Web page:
Sarah Rosalena (Wixárika) is an interdisciplinary artist and researcher who merges Native craft traditions with futures technology in a bid to transcend colonial narratives. Her use of mediums and materials is informed by research into history and science, and reflective of personal, cultural, and societal experiences. Her new site-specific sculptural installation at LA State Historic Park, For Submersion—a project of Clockshop in partnership with The Chapter House—recalls that the park’s location was the floodplain of Paayme Paxaayt, the Los Angeles River. Decorating a river rock with mixed media Wixárika yarn-painting, before 3-D scanning and digitally fabricating the outdoor sculpture, Rosalena created an anachronistic object both of this world and from the future, squarely at the center of the current discourse on both Indigenous rights and natural resources—as well as the connecting the realms of textile and tech-based art practices. Interestingly, the LASHP installation was delayed twice due to heavy rainfall, but ultimately realized its function as a rainwater collector, and appeared to float in an area of the park itself designed to collect water and feed the aquifer.
Despite her connection to the earth, Rosalena’s gaze often turns towards the stars. Her next exhibition opens on May 6 at the Mt. Wilson Observatory, inside the 100-inch Hooker telescope, examining women’s labor and colonialism in the context of western scientific thought and the imaging of space. Standard Candle features a series of woven and beaded textiles made using computer code and based on images captured by the famous telescope. Her work in textile-based art also manifests in a series of narrative weaving sessions at the LASHP installation—and her interest in outer space further asserts itself in her current exhibition at MOCA Santa Barbara. In a series of textiles and ceramics Rosalena explores eight-pointed star motifs used in Wixárika patterns as a template for weaving images of stars, in hybrid forms created both by hand and by software.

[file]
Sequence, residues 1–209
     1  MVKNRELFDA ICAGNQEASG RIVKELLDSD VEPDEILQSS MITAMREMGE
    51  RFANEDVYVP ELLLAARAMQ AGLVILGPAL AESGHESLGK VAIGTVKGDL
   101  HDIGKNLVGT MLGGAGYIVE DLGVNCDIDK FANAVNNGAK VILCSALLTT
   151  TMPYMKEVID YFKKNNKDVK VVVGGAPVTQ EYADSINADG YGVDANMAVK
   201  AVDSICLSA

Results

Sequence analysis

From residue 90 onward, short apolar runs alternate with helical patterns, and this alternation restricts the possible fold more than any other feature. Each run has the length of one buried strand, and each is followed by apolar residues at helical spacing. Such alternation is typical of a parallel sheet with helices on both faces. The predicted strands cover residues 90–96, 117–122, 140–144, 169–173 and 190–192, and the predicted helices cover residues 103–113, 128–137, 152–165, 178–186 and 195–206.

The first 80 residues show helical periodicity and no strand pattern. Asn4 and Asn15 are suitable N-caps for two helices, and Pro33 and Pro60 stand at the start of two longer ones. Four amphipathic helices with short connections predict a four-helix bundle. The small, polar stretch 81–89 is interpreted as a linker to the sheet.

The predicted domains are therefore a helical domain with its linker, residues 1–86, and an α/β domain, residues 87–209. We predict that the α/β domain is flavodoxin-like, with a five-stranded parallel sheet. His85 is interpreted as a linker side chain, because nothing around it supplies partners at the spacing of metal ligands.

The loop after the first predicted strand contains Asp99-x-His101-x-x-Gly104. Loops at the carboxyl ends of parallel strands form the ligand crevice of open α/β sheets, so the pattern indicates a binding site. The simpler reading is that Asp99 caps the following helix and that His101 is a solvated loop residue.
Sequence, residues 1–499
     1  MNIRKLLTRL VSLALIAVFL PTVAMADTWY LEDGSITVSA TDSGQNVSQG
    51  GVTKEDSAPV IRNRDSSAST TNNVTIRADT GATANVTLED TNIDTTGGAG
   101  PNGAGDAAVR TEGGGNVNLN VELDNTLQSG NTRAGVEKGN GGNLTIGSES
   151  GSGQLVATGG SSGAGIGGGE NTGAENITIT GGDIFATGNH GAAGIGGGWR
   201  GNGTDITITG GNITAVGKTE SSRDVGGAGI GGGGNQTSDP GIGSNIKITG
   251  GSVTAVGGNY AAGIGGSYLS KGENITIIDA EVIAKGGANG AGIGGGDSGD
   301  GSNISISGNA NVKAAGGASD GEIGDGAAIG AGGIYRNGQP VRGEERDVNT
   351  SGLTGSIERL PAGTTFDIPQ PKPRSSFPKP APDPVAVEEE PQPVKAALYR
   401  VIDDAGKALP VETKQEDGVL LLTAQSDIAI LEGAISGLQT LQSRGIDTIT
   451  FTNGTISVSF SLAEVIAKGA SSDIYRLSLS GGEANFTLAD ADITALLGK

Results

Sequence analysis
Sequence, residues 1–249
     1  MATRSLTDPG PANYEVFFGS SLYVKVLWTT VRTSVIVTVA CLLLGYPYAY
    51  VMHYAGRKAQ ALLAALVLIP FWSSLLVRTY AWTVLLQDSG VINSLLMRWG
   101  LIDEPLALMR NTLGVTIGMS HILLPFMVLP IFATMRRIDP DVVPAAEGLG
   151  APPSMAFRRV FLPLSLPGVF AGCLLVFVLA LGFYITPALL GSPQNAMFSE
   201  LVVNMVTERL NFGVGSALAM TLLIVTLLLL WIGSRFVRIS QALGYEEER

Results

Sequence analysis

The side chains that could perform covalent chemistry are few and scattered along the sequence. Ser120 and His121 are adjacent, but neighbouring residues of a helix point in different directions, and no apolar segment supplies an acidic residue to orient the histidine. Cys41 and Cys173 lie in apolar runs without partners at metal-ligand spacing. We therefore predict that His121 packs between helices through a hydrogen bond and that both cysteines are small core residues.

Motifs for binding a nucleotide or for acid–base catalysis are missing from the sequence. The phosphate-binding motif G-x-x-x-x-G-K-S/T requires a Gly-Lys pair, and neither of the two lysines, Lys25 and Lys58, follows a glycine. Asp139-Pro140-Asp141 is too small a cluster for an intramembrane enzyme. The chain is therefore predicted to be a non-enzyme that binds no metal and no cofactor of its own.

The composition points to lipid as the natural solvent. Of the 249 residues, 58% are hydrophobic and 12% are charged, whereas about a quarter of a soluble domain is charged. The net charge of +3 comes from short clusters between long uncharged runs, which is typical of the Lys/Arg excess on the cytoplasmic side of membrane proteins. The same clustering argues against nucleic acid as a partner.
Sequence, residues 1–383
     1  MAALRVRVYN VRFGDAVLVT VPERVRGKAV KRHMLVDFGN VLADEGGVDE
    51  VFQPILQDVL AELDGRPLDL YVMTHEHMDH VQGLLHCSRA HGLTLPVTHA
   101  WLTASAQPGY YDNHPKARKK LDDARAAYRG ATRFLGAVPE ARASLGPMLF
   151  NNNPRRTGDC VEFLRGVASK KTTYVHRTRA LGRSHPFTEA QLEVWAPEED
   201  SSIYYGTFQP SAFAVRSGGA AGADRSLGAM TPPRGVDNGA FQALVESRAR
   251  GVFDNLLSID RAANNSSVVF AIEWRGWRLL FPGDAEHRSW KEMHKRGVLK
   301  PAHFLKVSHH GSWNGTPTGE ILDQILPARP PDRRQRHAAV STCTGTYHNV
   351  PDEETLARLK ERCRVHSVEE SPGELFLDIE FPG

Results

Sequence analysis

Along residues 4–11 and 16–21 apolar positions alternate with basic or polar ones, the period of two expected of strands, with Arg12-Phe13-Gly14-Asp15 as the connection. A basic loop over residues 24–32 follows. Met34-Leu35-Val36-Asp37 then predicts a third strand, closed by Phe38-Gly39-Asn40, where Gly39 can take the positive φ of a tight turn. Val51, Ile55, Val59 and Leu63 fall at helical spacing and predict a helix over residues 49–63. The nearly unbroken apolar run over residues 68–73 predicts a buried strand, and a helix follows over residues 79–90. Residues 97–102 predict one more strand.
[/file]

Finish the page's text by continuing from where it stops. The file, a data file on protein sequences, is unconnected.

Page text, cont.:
L.A. WEEKLY: What is your short answer to people who ask what your work is about?
SARAH ROSALENA: My work deconstructs technology with material interventions, creating hybrid objects that function between human/nonhuman, ancient/future, handmade/autonomous, beyond power structures rooted in colonialism. I am shaped by the origins, character, and assembly of weaving.
When did you first know you were an artist?
When I was around 10, doing weaving and embroidery with my grandmother. I also started to play violin around that time and saw them both interconnected.
When is/was your current/most recent/next show or project?
I have two major upcoming solo exhibitions: Pointing Star at the Museum of Contemporary Art Santa Barbara through July 30, and Standard Candle with LACMA at Mount Wilson Observatory opening May 6. In addition, my public work For Submersion with Clockshop is currently on view at Los Angeles Historic State Park until May 28.
Why do you live and work in L.A., and not elsewhere?
I was born and raised in Northeast L.A. and support the Indigenous community here.
Did you go to art school? Why/Why not?
Yes, to become an art professor and pioneer computational craft.
Web and social, please!
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